Drone warfare looks strikingly cumulative in character. It’s an adjunct to main battle forces prosecuting sequential operations, not a war-winning capability in its own right. This is not a knock against Replicator, just a caution against hype. U.S. and allied forces will need time in a Pacific war. A short war portends a Chinese victory. Cumulative uncrewed operations could help balk People’s Liberation Army operations for a time, taking aim at amphibious shipping and the warplanes and warships that guard it. Delay would grant heavy forces—carrier and amphibious task forces, surface action groups, and the like, along with their U.S. Air Force comrades—time to gather in the region, amass combat power at the scene of action, and flip the script on China.
Judging from his writings, Wylie would pronounce the cumulative effort invaluable but indecisive. And to her credit, Kathleen Hicks went out of her way not to oversell Replicator: “America still benefits from platforms that are large, exquisite, expensive, and few.” Indeed. Much as during World War II, cumulative operations will postpone defeat while the exquisite arm of the joint force girds for a sequential counteroffensive.
If Replicator lives up to its billing.
It’s worth pointing out that Pentagon chieftains, though not in so many words, are shaping a strategy vis-à-vis China that hews to the classic pattern for active defense. They have tacitly—and correctly—admitted that the U.S. joint force and its regional partners will be weaker than China’s military on day one of a conflict. The combatant that’s weaker at the outset of war tends to deploy cumulative measures because that’s what it can do while working up for a sequential campaign that delivers victory.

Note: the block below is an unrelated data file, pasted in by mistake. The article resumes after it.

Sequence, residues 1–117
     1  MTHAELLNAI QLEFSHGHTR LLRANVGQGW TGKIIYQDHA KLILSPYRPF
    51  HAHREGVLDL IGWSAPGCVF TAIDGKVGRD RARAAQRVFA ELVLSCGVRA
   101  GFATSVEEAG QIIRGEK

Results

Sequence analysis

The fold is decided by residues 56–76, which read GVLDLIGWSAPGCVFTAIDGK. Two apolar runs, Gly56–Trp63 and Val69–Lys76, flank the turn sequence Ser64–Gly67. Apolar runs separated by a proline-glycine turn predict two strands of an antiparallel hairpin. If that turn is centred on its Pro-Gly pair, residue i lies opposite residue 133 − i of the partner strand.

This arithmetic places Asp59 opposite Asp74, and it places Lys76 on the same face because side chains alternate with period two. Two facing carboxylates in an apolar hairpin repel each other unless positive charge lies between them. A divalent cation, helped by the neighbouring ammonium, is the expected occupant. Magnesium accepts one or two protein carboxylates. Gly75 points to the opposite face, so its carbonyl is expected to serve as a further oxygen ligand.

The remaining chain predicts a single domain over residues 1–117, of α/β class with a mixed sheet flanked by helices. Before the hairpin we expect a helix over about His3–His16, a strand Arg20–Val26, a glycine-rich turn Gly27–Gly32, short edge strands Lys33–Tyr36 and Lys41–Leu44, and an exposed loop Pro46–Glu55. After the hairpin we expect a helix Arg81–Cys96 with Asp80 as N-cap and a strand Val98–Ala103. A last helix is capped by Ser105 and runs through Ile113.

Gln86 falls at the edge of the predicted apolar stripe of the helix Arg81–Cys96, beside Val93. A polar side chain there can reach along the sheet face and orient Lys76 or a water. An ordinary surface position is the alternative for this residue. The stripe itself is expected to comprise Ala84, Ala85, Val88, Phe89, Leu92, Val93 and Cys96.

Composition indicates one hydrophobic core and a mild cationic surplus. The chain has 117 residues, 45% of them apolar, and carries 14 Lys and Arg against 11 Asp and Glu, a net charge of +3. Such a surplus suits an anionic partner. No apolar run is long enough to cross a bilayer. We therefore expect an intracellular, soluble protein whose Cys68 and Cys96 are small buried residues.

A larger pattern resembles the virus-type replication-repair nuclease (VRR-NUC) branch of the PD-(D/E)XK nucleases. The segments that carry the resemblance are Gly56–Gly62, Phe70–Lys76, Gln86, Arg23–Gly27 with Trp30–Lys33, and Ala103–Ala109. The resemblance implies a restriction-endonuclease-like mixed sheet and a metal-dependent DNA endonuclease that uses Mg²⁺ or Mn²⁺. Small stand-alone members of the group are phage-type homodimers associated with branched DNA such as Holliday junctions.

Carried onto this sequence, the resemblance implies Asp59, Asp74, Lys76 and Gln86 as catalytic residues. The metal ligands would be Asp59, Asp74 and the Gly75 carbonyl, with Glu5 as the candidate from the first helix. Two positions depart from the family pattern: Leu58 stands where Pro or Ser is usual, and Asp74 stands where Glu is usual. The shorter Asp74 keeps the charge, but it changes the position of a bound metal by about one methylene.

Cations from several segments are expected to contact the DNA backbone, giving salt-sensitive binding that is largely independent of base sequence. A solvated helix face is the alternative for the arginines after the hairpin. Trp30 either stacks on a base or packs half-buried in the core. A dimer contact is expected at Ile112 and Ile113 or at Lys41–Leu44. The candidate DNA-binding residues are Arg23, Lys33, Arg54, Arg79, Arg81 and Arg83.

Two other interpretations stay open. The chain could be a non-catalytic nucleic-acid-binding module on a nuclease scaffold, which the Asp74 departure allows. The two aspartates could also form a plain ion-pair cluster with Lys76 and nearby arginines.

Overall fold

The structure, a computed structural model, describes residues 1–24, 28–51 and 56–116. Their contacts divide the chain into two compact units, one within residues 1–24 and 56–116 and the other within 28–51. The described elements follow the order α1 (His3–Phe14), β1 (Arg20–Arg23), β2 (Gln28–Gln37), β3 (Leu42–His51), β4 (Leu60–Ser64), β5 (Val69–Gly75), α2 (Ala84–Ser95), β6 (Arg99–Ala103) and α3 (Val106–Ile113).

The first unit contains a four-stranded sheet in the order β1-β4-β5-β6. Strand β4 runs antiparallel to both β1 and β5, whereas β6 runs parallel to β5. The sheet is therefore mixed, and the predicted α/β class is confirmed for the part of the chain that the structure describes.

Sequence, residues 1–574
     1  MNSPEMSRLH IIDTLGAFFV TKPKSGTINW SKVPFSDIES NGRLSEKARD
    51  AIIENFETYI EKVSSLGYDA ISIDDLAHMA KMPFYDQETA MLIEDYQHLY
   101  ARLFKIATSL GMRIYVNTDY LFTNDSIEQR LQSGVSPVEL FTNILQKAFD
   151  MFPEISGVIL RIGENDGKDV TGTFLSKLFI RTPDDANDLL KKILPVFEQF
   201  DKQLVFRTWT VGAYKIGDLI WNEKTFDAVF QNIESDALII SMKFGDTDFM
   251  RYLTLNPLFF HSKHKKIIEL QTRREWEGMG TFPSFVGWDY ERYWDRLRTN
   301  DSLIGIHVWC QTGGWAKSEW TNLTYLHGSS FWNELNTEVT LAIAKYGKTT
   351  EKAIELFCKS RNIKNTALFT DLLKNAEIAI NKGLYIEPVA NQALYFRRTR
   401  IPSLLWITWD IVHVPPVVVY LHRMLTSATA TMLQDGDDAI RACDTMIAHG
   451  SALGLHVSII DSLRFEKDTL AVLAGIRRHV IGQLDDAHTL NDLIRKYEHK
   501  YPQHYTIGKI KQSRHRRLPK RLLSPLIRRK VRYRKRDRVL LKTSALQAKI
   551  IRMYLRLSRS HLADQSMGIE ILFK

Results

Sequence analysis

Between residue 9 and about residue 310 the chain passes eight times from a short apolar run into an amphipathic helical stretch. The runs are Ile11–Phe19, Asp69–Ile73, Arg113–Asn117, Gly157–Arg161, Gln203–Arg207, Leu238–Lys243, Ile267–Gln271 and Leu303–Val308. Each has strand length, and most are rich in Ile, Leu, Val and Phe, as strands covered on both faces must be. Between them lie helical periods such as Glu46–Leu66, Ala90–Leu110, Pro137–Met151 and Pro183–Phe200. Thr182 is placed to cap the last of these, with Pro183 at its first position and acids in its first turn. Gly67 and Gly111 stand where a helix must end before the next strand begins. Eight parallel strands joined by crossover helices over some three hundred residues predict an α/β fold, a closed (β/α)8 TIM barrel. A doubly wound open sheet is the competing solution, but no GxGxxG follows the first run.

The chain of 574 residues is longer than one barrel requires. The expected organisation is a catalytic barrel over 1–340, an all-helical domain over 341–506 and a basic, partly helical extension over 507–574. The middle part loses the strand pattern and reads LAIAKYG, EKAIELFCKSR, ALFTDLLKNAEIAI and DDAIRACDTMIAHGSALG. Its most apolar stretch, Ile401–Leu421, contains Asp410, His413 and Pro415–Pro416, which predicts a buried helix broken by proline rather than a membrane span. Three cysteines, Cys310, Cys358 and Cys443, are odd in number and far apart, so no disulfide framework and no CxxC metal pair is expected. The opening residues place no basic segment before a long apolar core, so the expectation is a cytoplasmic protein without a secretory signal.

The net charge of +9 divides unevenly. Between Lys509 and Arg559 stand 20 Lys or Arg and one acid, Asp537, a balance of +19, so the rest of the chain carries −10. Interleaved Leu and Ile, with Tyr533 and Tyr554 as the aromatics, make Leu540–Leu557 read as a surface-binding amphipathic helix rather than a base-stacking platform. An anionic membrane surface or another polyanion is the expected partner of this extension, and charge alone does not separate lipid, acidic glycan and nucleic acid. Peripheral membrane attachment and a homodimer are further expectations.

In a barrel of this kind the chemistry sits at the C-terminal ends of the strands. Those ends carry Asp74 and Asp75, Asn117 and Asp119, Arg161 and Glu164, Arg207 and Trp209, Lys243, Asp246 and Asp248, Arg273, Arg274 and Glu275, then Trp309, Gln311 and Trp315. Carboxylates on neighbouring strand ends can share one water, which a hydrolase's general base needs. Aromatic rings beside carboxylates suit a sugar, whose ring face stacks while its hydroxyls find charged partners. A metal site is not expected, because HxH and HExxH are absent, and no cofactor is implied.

Start cumulative, go sequential.
And lastly, Replicator refocuses attention, if any reminder is needed, on the all-important alliance dimension of Pacific deterrence and warfare. Operating from Guam or other bases on American soil, U.S. forces could never stage superior military might at likely scenes of action in the South China Sea, East China Sea, or Taiwan Strait, making themselves the stronger pugilist in battle. They’re too far away. There is no drone exemption to the tyranny of distance. To get within drone range of these battlegrounds, U.S. forces must either secure access to bases near them, chiefly along the first island chain, or they must risk precious crewed assets to transport drones close to their hunting grounds, which could defeat the purpose of Replicator. That host governments would grant access, however, is not a foregone conclusion.
So there’s a diplomatic component to Replicator to go along with strategy, operations, and force design. Best to approach the allies now.
About the Author and Their Expertise
Dr. James Holmes is J. C. Wylie Chair of Maritime Strategy at the Naval War College and a Nonresident Fellow at the University of Georgia School of Public and International Affairs. The views voiced here are his alone. Holmes is also on staff as a 19FortyFive Contributing Editor.